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The Last Is Not The End


March is Colon Cancer Awareness Month. Feel free to donate to any of your favorite cancer charities, including the Colorectal Cancer Alliance (for which I am a mentor volunteer)--during the month of March, your donation to the CCA is doubled!


More important, though, is that you take this month to focus on your own colon health. If you are 45 and older, or at high risk for CRC, make an appointment for you colonoscopy. Most insurance will cover it, and if they don't, tell the facility that you are going to pay cash and they will give you a more affordable option.


No excuses! Get your colonoscopy!


Appropriately, my last dose of chemotherapy for this round is happening during Colon Cancer Awareness Month. I have been back on FOLFIRINOX since December 20, 2023, with a few hiccups along the way.


I have not been blogging much about this latest round of chemotherapy because, well, I feel that I hit on the important points in my Caringbridge Blog, and then expanded on the experience in my book, Round the Twist: Facing the Abdominable. This round of chemo has been similar in physical and emotional side effects, so it seemed pointless to rehash all those week after week. We all have better things to do with our lives, including me--recovering from the drugs and focusing on my energy on fighting this latest recurrence of the cancer has been Job 1.


With the last dose looming just 24 hours away, I felt I needed to address something that was not quite explored in either blog or book--what does the "last dose" really mean for the cancer survivor?


The Last Dose

Throughout my treatments, I have tried to clarify to my readers that chemotherapy drugs are not like most drugs that we are familiar with. If you take two Advil, you'll see on the bottle that it says to take every 4-6 hours. That's because your kidneys filter the drug out of your system in that time. When the organs have done their job, there is no more Advil in your system--it's been removed by your body. The hope is that the Advil has done its job in that amount of time (usually treating inflammation and giving you some relief). If it hasn't worked, you take more. Etc. Etc.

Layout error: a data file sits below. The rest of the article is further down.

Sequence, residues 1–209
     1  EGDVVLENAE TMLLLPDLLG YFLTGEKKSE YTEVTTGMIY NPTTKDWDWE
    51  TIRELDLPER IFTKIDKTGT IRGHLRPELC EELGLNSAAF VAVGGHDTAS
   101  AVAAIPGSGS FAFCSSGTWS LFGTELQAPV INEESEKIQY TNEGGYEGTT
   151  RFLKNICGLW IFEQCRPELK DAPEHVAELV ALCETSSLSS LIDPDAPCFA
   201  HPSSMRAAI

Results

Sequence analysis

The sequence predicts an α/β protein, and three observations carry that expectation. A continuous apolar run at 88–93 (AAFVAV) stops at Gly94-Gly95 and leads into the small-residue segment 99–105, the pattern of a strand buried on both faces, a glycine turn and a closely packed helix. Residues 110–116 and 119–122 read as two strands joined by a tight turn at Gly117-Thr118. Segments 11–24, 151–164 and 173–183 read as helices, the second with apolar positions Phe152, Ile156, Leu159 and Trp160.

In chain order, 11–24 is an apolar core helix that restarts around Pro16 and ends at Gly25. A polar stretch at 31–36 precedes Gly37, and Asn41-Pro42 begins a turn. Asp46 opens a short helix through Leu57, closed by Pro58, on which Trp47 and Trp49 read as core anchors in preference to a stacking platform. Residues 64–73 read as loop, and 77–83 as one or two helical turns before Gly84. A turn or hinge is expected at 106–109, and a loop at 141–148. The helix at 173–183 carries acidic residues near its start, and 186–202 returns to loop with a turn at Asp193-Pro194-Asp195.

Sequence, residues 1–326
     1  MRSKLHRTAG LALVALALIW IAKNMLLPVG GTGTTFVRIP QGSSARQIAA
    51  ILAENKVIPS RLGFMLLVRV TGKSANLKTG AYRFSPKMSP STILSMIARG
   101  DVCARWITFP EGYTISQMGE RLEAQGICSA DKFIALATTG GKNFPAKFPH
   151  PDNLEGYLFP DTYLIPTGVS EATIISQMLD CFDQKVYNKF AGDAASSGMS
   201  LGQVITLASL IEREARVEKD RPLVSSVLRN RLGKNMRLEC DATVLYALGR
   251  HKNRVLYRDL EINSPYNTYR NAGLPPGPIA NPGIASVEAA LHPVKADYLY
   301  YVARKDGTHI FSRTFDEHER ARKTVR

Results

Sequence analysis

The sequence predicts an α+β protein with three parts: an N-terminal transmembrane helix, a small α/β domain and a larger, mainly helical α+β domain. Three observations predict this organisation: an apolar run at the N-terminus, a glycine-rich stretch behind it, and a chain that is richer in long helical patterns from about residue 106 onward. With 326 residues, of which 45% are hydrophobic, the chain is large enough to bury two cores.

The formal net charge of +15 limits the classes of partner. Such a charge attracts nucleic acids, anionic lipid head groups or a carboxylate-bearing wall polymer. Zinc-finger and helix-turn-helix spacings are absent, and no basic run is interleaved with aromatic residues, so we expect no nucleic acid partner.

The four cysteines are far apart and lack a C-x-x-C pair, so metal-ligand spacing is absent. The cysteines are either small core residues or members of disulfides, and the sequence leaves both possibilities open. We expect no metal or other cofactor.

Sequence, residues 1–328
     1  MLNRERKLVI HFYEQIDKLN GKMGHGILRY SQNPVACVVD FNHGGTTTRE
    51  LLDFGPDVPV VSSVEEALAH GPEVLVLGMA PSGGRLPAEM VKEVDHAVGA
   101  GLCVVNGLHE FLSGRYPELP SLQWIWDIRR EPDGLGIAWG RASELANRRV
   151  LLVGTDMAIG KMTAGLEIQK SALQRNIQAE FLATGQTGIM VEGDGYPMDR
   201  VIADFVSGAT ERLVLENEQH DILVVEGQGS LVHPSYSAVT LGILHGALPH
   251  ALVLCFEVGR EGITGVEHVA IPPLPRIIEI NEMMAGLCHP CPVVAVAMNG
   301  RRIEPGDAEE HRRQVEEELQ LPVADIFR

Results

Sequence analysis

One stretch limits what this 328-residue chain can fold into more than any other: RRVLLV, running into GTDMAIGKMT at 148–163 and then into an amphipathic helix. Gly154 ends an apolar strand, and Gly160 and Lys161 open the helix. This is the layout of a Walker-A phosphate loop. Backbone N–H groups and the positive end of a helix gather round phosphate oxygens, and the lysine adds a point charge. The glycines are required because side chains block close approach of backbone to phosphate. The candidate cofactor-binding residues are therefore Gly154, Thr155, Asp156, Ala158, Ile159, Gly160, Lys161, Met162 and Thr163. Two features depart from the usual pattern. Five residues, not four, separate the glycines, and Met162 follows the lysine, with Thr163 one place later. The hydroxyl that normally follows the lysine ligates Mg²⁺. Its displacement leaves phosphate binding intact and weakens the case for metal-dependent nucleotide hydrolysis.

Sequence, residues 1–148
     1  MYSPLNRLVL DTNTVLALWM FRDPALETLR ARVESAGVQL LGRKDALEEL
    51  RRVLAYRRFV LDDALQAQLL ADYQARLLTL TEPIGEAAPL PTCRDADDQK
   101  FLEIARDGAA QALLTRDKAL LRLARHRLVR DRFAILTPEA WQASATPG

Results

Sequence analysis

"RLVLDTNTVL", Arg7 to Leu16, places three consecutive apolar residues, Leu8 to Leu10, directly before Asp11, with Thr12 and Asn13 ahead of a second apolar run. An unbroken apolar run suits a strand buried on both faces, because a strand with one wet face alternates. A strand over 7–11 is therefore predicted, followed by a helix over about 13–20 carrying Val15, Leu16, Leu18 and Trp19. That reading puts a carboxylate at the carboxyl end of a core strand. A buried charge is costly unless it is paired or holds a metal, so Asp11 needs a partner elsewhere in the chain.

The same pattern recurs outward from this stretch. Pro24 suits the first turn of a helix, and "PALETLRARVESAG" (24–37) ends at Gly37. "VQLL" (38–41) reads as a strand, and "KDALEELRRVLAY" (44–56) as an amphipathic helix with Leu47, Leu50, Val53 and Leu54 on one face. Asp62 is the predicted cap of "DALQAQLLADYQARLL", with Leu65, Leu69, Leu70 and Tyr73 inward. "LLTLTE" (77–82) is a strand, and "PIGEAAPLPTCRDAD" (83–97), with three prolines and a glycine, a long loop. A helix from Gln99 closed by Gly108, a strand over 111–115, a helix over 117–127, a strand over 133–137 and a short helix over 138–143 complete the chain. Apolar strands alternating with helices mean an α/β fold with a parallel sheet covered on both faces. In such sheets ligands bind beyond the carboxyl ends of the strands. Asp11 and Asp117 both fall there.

But chemo is not like that. You've heard me say it a million times: chemo is cumulative in the body. But what does that actually mean? In the technical sense, this means that the liver and kidneys are not able to filter out the drugs in a short period of time which allows the drugs to build up in your system. I've been told that this process takes a minimum of 9-12 months after the last dose is given.


Let me explain this better. Imagine an empty water pitcher. You are told that you'll be given 6 cups of water which you will pour into the pitcher once every two weeks. Day one, you pour in the first cup of water, put it in the refrigerator, and then walk away. 14 days later, you go back to your pitcher and what do you see? Almost 1 cup of water waiting for you, minus a small amount that evaporated. You pour in the next cup, and repeat the process. As the weeks go on, the level of the water continues to rise. In the battle between evaporation and the standing water, the standing water wins. This is what is happening inside the body of someone on chemotherapy.


By the end of treatment, I will have six doses of chemotherapy swimming around in my system, my liver and kidneys fighting an uphill battle to get this shit out of me. Every week I get a blood test to make sure those organs are functioning properly (at one point, when I experienced toxicity from my first dose, my kidney function dropped, signaling that my body was struggling mightily against the drugs). If my numbers are good, I'm given the next dose.


This also means that side effects accumulate during treatment as well. If, for example, dose two brought fatigue that lasted 5 days, then with each subsequent dose, the length of time increases as well. With my fifth dose (at the beginning of this month), the fatigue lasted 10 days. Dr. Jacobs has warned me that with dose 6, I should expect that number to rise to two weeks. Same with neuropathy in my fingers--with each dose, it has lasted longer and longer, with dose 5 taking nearly two weeks to resolve.


Dose Six (the last dose) promises to be the hardest of all--not just for me, but for every person on chemotherapy for any kind of cancer. It's made even more difficult by our own mental health--we know it's the last dose, we're excited and relieved, but at the same time knowing this will be the most difficult recovery of all.


When we announce "I rang the bell today!" most people begin sending texts and emails, leaving voice messages, posts on facebook, all celebrating "the end of chemo!" The common misconception being that somehow the last dose is a throwaway, it carries no side effects--we are magically normal again.